At least 15 people were killed and 95 hurt in Tripoli after a peaceful demonstration calling on unruly militias to leave the Libyan capital turned violent on Friday, an official said.
The militias are holdovers from the 2011 uprising that ousted dictator Muammar Gaddafi and are a powerful force in the increasingly lawless North African country.
"Fifteen dead and 95 wounded, several of them seriously, have been admitted to Tripoli hospitals," a health ministry spokesman said.
He was unable to give a breakdown between those killed in the demonstration and those who died in a subsequent assault on the militia headquarters.
"It's total confusion," he said.
Violence erupted when gunmen fired at hundreds of demonstrators carrying white flags from inside villas in the southern Tripoli district of Gharghour where the Misrata militia has its headquarters.
The shooting sparked a violent response in which armed men assaulted the villas and set them on fire.
A witness, who identified himself only as Ibrahim, said "most of the members of the militia barricaded themselves inside one single villa."
He later said the militiamen had evacuated the final villa and fled, adding that some militiamen had been wounded and others arrested.
Other witnesses said heavy gunfire could be heard in Gharghour and that smoke was rising from the district.
Sadat al-Badri, president of Tripoli's city council, which called for the protest, told AFP the shots fired at demonstrators came from inside the headquarters.
"Tensions are on the rise in Tripoli. We're going to announce a general strike and launch a civil disobedience campaign until these militias leave," he said.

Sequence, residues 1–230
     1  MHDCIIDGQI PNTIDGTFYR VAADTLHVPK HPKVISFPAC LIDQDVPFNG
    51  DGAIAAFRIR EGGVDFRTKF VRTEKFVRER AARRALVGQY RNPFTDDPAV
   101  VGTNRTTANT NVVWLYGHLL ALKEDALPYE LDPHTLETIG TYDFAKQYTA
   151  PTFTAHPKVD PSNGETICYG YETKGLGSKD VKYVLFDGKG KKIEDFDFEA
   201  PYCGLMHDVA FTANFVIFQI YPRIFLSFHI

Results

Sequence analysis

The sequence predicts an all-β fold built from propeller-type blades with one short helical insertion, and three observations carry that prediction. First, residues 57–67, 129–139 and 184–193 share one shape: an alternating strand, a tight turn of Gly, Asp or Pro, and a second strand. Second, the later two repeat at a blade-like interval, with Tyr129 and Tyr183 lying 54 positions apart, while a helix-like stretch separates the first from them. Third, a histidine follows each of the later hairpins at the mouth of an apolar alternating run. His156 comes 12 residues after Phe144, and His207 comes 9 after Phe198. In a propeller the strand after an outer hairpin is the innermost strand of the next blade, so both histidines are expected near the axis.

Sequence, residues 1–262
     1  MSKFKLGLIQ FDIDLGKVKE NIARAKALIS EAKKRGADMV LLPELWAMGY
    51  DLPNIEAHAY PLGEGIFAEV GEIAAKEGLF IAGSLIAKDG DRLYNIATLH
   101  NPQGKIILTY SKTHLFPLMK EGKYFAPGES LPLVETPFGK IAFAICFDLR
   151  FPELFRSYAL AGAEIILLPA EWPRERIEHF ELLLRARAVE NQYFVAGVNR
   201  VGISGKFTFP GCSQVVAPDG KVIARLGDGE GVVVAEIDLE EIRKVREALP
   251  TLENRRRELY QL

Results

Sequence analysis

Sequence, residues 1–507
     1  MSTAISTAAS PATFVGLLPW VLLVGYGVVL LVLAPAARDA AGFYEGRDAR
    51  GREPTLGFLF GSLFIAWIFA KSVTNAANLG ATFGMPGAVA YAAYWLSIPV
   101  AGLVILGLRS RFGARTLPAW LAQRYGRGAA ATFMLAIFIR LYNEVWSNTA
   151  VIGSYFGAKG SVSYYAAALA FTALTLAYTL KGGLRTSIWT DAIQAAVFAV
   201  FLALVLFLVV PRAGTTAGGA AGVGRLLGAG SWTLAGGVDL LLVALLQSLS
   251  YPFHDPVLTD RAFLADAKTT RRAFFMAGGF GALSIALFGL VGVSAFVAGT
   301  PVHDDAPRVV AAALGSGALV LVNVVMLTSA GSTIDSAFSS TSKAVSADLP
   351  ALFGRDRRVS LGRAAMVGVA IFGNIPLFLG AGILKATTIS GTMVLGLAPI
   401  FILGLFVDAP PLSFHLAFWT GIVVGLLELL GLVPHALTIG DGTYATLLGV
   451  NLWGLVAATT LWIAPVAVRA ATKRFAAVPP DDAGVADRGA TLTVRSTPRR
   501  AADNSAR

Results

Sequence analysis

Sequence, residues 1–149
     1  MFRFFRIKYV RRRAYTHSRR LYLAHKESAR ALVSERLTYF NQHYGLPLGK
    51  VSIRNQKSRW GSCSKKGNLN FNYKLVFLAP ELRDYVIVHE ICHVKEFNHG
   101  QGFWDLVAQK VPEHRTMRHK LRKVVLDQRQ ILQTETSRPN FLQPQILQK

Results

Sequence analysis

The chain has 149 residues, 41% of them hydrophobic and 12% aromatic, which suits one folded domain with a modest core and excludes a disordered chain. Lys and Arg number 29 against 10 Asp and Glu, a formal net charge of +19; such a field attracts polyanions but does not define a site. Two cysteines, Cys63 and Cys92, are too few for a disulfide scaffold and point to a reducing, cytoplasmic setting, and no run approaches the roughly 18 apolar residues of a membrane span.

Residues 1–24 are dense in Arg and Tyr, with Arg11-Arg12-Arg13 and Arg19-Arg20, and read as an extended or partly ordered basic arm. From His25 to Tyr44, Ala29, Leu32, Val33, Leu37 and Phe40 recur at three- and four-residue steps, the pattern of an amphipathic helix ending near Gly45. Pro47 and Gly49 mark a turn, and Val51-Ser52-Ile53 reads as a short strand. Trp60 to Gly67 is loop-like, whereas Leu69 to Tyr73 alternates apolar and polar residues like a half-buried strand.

In sermons at weekly Muslim prayers earlier in the day, imams backed the call to protest against militias issued by the town hall as well as Libya's mufti, the highest religious authority.
'No to militias'
Hundreds of people carrying white flags in a sign of peace, as well as the national flag, and singing the national anthem had assembled in the capital's Meliana Square.
"No to militias," their banners read. "Yes to the police and army."
The protesters, among them children, then marched to the Misrata militia headquarters in Gharghour to press their demands when gunmen inside fired into the air to scare them off.
When the crowd continued to approach the building, the gunmen started firing at them, said an AFP correspondent who saw two wounded, including one hit in the stomach.
A rocket also crashed into the main road near the demonstrators, without causing casualties, the correspondent said.
A leader of the militia from Misrata, east of the capital, told private television channel Al-Naba the demonstrators had opened fire first.
Before the villas were attacked, pick-ups loaded with anti-aircraft guns were seen headed for the area of the militia headquarters later Friday, witnesses said.
Regular security forces were not sighted, apart from the air force making low passes over the capital.
The mufti, Sadok al-Ghariani, appealed to residents to go home to avoid further bloodshed, while the health ministry called for blood donations to Tripoli hospitals.
The march was sparked by violence on November 7 in which the Misrata militia also played a central role and which terrorised Tripoli residents and illustrated again growing instability in Libya.
A Misrata militia chief, Nuri Friwan, had been fatally wounded in fighting at a checkpoint manned by other ex-rebels, and two people were killed in subsequent fighting.
Residents of Tripoli frequently demonstrate against the militias, who have rejected calls from a weak central government to leave the capital.
Last year, around 30 demonstrators were killed as anti-militia protests turned into violent clashes in the eastern city of Benghazi.
The rebels who overthrew Kadhafi were hailed as heroes for bringing an end to more than four decades of dictatorship.
But many have rejected government demands to turn in their weapons or join the national security forces, posing a constant threat to the stability of post-Kadhafi Libya.